Posted on Jun 28, 2010, 6 a.m.
Tufts University (US) researchers find that higher HDL (“good”) cholesterol levels associate with lower cancer risk.
In that epidemiologic studies suggest an inverse relationship between serum total cholesterol levels and incident cancer. Haseeb Jafri , from Tufts University School of Medicine (Massachusetts, USA), and colleagues have previously reported that lower levels of LDL (low-density lipoprotein, “bad”) cholesterol are associated with a significantly higher risk of incident cancer. The team now finds that higher HDL (high-density lipoprotein, “good”) cholesterol levels associate with lower cancer risk. Conducting a meta-analysis of clinical trials involving lipids interventions, the team assessed data from 24 studies and found “a significant inverse association between baseline HDL-C levels and the rate of incident cancer,” which persisted despite adjustments for confounding factors, such as LDL cholesterol, age, body mass index, sex, and smoking. Specifically, for each 10 mg/dL higher increment of HDL cholesterol, there was a 36% lower relative risk of incident cancer.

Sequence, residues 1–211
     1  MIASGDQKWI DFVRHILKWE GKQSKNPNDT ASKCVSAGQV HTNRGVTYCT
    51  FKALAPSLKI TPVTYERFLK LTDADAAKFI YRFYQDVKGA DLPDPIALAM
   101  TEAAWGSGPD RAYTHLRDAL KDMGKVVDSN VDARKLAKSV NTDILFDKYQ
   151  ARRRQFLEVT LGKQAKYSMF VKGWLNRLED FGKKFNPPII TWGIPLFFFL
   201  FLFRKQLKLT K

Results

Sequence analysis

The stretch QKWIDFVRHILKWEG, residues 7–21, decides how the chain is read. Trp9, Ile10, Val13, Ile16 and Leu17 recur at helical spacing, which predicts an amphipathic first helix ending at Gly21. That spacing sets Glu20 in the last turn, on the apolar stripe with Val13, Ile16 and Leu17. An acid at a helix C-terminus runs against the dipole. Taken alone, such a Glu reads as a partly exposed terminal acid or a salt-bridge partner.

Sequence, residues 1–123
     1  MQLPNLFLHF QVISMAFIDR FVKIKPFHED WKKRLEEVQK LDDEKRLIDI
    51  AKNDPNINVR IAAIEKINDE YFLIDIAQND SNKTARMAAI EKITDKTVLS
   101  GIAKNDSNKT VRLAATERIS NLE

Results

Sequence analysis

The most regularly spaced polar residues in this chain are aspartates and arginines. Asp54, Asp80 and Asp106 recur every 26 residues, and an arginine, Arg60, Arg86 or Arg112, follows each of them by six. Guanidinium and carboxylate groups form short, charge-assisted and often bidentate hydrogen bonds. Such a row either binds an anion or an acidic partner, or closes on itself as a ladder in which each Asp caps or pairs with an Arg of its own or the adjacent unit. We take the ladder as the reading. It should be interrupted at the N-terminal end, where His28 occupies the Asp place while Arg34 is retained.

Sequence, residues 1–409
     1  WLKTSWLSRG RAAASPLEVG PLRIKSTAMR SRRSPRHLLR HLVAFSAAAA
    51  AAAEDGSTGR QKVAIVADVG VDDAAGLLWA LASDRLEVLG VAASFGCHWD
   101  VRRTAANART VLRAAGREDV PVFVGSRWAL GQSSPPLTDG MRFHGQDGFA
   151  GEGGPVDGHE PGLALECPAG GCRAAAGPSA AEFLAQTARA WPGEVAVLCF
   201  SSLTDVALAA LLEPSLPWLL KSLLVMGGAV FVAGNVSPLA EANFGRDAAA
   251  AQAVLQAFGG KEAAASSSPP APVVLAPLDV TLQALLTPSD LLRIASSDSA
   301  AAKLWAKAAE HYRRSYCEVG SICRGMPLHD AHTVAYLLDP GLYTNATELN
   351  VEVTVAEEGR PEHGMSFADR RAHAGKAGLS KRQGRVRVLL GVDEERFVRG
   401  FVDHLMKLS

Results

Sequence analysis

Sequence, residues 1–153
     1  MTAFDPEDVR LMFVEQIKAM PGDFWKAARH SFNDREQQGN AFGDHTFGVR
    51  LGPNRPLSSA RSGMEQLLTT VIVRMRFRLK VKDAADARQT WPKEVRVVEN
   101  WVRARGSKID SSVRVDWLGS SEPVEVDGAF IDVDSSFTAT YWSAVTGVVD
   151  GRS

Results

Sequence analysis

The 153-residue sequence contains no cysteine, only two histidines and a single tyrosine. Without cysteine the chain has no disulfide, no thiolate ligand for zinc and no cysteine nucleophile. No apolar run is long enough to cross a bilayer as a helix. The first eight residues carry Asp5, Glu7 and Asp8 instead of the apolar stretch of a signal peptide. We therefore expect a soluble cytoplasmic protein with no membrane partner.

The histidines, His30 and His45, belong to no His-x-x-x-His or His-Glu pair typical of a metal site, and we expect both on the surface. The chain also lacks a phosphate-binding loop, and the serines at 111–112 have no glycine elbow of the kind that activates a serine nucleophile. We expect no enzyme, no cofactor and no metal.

Haseeb Jafri, Alawi A. Alsheikh-Ali, Richard H. Karas. “Baseline and On-Treatment High-Density Lipoprotein Cholesterol and the Risk of Cancer in Randomized Controlled Trials of Lipid-Altering Therapy.” J. Am. Coll. Cardiol., June 22, 2010; 55: 2846 - 2854.